to working strength in 5 minutes or less.
On Wed, 29 Sep 2004 20:31:21 -0700, "Gregory McGuire"
Now that would be truely awesome, no doubt about that! If we end up
moving to the coast like the wife wants to, I'll be looking really
hard at that one. Might be a little ambitious for this situation,
Focus on tables and chairs (use this time to make one of an eventual set) of
various sorts to get hands-on assistance with. If you look at small tables
and single chairs, you'll learn the imporatnt techniques from your class
that you'll be able to use in your shop at home to tackle bigger projects.
Michael Latcha - at home in Redford, MI
That is a great deal!
I think that if I had your situation (opportunity), I would go for
chair design/construction - if your instructor is adept
enough that is. Nightstands and such are relatively simple IMHO.
I've been plugging away as one of those "home
enthusiast/woodworker/fix-it-up types" for 15-20 years now and have
often thought that constructing a great looking dining room chair would
show real craftmanship - haven't arrived on my own yet.
I probably need a class!
I know several of the guys in the class take it every year, just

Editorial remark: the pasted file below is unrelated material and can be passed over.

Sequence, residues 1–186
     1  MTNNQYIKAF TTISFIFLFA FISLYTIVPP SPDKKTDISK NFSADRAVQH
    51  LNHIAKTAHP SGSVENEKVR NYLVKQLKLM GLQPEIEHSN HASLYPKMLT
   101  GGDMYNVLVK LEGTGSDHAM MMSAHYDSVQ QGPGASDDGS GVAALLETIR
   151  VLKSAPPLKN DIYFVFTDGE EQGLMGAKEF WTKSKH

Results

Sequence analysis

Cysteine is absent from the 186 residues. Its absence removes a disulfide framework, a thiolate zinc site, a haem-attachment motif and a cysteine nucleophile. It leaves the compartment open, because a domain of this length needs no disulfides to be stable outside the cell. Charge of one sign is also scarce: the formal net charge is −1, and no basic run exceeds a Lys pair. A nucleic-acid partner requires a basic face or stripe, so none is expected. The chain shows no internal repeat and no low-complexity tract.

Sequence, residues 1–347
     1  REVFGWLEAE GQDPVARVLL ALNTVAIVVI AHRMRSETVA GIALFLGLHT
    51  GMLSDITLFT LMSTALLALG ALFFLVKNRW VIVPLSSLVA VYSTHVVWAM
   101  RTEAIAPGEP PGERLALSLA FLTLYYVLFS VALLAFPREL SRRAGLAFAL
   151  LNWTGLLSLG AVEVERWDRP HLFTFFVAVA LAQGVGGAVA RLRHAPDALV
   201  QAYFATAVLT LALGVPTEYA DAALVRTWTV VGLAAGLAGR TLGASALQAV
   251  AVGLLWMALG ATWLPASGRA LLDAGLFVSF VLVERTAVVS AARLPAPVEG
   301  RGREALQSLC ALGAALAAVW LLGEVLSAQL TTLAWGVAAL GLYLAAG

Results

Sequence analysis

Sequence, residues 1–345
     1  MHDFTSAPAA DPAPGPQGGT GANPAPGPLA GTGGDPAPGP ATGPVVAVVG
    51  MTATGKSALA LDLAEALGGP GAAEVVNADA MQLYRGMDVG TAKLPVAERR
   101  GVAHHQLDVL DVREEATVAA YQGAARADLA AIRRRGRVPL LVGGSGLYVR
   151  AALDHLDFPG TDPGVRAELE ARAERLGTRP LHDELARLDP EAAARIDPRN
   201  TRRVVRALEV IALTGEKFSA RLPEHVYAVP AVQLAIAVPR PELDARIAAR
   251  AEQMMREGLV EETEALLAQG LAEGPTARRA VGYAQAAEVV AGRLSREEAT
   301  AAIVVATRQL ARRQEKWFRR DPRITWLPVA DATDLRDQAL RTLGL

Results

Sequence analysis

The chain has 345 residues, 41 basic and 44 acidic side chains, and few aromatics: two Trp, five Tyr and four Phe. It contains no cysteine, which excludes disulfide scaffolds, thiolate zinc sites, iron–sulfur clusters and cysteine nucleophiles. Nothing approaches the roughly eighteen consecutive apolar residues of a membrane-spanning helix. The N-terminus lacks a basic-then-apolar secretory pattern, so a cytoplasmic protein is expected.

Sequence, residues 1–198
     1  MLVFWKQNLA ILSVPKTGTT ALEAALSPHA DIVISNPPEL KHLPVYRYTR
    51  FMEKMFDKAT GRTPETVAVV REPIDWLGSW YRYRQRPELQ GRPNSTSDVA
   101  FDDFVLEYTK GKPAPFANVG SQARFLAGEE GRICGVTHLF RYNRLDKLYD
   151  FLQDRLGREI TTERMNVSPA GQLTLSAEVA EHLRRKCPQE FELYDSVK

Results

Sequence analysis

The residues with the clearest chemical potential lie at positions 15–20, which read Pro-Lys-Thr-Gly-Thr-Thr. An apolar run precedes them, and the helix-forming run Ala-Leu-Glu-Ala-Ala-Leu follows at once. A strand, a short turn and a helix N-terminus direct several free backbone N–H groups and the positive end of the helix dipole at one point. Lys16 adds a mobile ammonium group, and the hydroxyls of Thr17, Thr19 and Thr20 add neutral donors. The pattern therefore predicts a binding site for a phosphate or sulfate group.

because they like having the access to the tools. :) No doubt there
are plenty of classes around, I just happened to fall into this one
because my wife saw it in the paper, and she seemed to think I should
make money from woodworking, rather than just spending money on tools
and wood (foolish, huh?)
Wed, Sep 29, 2004, 7:58pm (EDT-1) email@example.com (Prometheus)
wants to know:
I recently signed up <snip>
I haven't read all the responses. But, I think what I might do is,
sit down and figure out one or two rather complicated, specific,
projects you'd like to know how to do. Chair, table, whatever. Then
talk with the teacher, and find out which you would (or should,
probably) have time to complete in the time allowed - not the sanding,
finish, etc., just the woodworking part.
Than I think I'd shoot for that. With a set time, you're going to
be more focused, and concentrated, than you'd be at home. Then at home,
you can duplicate it, taking more time to do it.
Way I figure, better to start a 20 hour project, and finish it,
then start a 40 hour project, and not.
On the other hand, if you start something, say a table, get the top
done, learn how to do the legs, and only get one leg done in class, and
run out of time, then you'll know how to do the other three legs at
home. In a case like that, running out of time isn't so important.
We will never have great leaders as long as we mistake education for
intelligence, ambition for ability, and lack of transgression for
On Fri, 1 Oct 2004 20:13:01 -0400, firstname.lastname@example.org (J T)
It's not so much a problem of learning how to lay out or assemble the
parts, it's more a matter of making full use of the superior
facilities while I've got the chance. I'm almost tempted just to buy
a year's supply of lumber and do all my resawing and surfacing while
the doin's good (I've got only a little 9" bandsaw and no planer or
surfacer), but that seems like a least a little bit of a waste.